Are you planning to start recording your IaH activities and their learning outcomes? In that case, try to involve as many different colleagues as possible. By taking an inclusive approach and involving various stakeholders, internationalisation at home will truly become part of your educational institution. Besides lecturers, international officers, educationalists and managers should also be involved, as they can prove valuable and necessary. And don't forget your students: they can tell you what they need and expect from IaH.
Read more about internationalisation at home and the curriculum
- In How to implement internationalisation at home, Jos Beelen answers a number of questions on how internationalisation at home can indeed be implemented.
- The EAIE's Advancing internationalisation at home blog provides 5 insights on how Internationalisation at Home can be given a permanent place in the curriculum.
- The Internationalisation of the Curriculum (IoC) in action website offers tools and clear explanations on how to internationalise a curriculum.
- The Hague University of Applied Sciences has developed a compass for internationalisation based on Elspeth Jones’ compass, which describes the 10 indicators of internationalisation. The compass helps find the direction that your programme department and educational institution would like to take.
- Curriculum Development for Dummies, developed by Zuyd University of Applied Sciences, has manuals and background information on curriculum development.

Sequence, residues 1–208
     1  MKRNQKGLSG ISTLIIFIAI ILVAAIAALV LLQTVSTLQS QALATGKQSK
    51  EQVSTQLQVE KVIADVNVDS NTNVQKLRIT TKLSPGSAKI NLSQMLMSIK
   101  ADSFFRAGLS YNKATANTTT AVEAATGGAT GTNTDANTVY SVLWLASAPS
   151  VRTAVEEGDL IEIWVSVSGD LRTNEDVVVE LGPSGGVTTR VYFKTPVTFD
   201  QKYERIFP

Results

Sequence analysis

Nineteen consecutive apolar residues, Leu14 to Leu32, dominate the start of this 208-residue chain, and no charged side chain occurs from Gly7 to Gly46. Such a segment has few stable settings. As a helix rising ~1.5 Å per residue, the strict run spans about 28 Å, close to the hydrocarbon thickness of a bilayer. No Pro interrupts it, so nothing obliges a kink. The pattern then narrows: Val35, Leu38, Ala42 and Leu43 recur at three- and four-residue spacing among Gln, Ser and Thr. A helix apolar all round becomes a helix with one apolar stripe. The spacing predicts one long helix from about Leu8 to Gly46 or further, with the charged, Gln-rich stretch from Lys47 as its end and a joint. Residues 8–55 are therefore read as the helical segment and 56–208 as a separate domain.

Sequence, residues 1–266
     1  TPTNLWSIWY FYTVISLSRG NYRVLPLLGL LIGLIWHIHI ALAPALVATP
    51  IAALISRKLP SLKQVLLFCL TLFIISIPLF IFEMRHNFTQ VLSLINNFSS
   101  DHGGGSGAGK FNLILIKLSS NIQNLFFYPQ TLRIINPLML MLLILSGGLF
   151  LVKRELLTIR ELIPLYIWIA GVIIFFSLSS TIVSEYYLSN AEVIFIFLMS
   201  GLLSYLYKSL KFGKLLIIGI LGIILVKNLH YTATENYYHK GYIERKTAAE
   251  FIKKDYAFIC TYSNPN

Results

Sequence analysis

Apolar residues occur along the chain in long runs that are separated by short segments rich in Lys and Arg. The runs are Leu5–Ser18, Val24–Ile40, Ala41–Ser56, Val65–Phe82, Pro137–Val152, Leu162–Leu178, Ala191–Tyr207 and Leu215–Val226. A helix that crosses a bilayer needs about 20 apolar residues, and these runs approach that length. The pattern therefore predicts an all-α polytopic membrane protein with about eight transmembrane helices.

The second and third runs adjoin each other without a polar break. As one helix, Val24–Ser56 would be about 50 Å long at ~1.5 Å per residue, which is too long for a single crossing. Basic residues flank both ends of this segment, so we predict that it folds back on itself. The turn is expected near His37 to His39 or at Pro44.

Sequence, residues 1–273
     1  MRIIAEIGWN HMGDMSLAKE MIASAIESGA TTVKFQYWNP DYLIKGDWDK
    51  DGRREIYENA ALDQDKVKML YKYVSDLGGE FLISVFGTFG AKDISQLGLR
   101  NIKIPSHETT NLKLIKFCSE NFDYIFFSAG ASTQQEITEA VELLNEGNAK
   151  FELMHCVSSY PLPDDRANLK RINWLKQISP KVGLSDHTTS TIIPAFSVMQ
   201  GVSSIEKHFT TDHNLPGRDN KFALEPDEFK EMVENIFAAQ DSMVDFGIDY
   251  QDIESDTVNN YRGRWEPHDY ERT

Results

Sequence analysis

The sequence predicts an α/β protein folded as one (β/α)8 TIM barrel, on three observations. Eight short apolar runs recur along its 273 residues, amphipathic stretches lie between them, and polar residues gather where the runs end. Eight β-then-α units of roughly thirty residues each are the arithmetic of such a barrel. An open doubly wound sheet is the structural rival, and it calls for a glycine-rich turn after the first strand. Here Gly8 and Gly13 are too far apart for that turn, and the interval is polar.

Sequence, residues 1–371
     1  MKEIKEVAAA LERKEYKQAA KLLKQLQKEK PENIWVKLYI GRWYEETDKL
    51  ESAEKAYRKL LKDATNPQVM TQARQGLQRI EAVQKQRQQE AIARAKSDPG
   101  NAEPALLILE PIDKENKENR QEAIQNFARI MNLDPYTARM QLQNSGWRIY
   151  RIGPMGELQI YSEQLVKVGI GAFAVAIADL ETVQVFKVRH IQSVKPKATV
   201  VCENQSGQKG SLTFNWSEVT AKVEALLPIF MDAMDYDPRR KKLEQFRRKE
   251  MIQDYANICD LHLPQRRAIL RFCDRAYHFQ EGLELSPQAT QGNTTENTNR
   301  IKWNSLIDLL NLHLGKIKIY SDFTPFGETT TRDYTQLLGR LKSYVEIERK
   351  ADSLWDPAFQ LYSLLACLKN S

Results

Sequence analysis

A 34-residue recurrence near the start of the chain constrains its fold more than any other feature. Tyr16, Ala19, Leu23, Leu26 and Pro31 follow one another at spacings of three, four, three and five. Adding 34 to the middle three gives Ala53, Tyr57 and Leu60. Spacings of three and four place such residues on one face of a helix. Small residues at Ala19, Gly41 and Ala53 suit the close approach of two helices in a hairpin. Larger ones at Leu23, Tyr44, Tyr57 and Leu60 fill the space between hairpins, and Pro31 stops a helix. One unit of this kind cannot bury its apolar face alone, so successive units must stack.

How do you ensure the quality of internationalisation at home?
It makes no difference whether you have just started with internationalisation at home or it is already a regular part of the study programme: quality is paramount. It is important to monitor IaH, but always remember that your own professional development also has a role to play in this regard. Working on your own international skills and intercultural competences will mean that you will also be better able to pass these on to your students.
Few tools are currently available that focus specifically on quality assurance and IaH monitoring. A lot of the information and tools is currently focused on quality assurance of internationalisation in general.
Read more about quality assurance
- You can measure your own international competences using the international competence matrix, developed by Els van der Werf from Hanze University of Applied Sciences Groningen.
- The article entitled The missing link in internationalisation, by Jos Beelen, provides background information on the role and importance of the professional development of lecturers in internationalisation at home.
- Find out about the options at your educational institution to further develop your international skills and intercultural competences. You can also see whether the Nuffic Academy has a suitable training.
- For good practices, see the internationalisation platform of the European Consortium for Accreditation of higher education (ECA). You will also find various frameworks for measuring the quality of internationalisation there.
- The publication entitled European Approach For Quality Assurance of Joint Programmes has a lot of interesting information on quality assurance, which can also be used within IaH.